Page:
In the wake of several tax evasion scandals, including the “Panama Papers” revelations, Parliament has backed the Council’s position, and given the go ahead, by 590 votes to 32, with 64 abstentions, for tax authorities across Europe to automatically share information about bank account holders.
The new rules will enable and oblige tax authorities with anti-money laundering responsibilities in any EU country to automatically share information such as bank account balances, interest income and dividends, with their counterparts in other member states.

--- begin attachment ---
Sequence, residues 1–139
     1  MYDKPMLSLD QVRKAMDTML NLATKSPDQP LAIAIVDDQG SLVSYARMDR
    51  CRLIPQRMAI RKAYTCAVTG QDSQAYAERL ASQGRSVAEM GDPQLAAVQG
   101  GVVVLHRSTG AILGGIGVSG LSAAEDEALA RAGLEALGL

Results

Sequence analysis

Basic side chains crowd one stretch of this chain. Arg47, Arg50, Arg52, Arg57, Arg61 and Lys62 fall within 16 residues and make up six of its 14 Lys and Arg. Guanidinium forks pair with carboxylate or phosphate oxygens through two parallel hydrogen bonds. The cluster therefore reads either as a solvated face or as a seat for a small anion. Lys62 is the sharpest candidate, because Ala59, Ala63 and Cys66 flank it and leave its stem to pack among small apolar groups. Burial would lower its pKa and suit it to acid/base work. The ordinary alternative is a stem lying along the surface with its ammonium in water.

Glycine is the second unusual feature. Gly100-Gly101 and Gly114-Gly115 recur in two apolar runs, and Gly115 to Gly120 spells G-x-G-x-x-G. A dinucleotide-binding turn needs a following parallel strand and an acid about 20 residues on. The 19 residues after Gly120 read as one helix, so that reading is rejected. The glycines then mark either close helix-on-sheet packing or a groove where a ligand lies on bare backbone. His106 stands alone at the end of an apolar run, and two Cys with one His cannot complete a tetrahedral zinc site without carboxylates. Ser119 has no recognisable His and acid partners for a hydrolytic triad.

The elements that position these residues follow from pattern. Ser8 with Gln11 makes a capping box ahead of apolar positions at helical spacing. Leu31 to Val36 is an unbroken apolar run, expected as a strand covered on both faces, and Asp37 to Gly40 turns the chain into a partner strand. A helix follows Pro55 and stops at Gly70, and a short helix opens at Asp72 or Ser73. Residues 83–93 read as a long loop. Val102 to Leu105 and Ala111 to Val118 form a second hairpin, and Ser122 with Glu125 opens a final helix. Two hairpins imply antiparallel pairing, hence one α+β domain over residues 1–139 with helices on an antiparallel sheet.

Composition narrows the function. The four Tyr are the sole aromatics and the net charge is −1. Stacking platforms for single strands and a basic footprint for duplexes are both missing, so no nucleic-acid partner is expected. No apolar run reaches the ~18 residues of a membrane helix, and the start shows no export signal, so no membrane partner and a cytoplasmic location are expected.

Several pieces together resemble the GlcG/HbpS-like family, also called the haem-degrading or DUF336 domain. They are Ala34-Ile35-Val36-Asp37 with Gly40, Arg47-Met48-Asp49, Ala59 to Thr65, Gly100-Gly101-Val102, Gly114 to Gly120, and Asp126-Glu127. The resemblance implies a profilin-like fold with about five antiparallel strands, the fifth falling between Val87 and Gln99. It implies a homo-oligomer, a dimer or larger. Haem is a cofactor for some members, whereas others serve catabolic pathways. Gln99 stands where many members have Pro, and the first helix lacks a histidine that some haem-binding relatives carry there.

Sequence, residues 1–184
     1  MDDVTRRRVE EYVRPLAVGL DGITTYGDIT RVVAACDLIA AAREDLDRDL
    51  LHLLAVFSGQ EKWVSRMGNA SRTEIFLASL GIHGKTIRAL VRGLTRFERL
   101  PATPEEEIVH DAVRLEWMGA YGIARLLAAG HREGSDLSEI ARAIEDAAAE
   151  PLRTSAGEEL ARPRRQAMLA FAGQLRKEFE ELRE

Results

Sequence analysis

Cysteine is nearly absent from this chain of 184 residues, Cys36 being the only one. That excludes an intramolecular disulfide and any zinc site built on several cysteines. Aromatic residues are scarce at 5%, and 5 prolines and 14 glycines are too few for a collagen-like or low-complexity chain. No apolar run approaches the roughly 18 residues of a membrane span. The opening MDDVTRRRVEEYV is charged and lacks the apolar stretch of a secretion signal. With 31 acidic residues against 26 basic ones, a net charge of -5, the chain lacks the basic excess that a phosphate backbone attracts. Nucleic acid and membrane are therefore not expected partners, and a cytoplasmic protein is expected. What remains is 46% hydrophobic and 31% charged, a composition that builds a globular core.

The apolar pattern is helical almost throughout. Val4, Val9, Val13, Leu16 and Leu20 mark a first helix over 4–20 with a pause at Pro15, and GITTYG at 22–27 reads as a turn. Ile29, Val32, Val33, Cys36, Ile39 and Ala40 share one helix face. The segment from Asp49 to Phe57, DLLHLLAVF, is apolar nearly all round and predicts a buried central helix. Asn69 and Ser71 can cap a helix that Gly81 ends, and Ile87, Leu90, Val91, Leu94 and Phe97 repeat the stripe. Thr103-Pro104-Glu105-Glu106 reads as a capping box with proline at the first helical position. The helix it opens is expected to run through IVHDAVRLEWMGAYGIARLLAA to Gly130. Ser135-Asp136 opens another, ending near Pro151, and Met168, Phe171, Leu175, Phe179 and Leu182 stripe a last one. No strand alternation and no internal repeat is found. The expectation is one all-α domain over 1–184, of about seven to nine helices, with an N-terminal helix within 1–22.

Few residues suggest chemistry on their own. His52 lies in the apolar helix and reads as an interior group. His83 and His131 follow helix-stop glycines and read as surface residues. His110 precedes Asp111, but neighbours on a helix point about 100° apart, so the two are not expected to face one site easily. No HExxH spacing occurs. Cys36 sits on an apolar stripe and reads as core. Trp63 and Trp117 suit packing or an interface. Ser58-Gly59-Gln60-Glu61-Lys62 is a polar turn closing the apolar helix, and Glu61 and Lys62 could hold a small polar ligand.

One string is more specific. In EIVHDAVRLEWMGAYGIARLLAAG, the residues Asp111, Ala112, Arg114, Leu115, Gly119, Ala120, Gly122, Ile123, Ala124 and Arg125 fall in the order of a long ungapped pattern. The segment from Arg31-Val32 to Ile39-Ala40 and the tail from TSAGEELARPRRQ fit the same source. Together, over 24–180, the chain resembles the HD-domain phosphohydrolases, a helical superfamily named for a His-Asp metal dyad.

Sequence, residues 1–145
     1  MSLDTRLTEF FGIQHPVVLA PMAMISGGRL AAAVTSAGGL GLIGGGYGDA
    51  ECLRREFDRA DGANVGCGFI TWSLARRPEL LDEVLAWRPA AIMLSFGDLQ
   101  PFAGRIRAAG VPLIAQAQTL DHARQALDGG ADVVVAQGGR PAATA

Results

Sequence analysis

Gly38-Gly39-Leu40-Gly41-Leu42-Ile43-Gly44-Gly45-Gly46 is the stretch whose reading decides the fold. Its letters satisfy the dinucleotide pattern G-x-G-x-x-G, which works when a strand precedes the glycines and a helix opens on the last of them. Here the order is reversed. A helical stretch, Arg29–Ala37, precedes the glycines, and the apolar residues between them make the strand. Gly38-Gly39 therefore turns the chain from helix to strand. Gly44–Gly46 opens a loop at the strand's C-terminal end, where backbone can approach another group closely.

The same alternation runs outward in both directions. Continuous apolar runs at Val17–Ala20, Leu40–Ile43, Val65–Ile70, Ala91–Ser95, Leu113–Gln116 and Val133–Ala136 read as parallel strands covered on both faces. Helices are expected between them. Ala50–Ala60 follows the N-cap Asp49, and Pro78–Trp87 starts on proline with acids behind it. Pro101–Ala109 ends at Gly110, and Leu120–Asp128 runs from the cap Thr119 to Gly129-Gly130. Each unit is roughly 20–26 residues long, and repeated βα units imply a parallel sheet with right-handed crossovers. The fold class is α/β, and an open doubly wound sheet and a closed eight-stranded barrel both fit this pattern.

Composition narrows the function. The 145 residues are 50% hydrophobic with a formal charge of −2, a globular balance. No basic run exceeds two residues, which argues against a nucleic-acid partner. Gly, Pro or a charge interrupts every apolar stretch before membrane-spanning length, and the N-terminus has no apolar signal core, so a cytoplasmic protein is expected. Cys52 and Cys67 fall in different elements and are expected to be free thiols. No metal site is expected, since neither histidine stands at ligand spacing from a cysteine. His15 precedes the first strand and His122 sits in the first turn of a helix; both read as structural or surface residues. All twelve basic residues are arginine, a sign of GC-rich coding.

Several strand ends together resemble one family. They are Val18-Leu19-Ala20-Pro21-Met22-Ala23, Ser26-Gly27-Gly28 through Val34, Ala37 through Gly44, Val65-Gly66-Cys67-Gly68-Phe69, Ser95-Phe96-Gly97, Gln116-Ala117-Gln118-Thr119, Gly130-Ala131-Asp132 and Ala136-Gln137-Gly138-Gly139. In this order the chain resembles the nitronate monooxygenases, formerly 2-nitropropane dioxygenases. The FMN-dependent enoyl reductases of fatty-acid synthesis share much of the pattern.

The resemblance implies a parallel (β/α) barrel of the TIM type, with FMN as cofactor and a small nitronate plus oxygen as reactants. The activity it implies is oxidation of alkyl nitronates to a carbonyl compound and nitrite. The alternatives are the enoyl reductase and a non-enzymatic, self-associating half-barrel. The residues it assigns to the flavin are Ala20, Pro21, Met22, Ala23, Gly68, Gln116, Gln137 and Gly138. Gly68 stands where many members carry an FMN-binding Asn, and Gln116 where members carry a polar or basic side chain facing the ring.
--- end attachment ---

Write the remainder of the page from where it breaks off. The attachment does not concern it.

Emmanuel Maurel (S&D, FR), the rapporteur on Parliament’s position, said “huge efforts made in transparency are the only way to fight against [tax evasion] this scourge that affects public finances.”
In its resolution, Parliament says that links between money laundering, the funding of terrorism, organised crime and tax evasion, highlight the need for close cooperation and coordination among EU countries.
The update of the directive was tabled by the Commission in July 2016 and was endorsed by member states in September.
Parliament’s vote now allows it to enter into force immediately and member states must implement it before the end of 2017.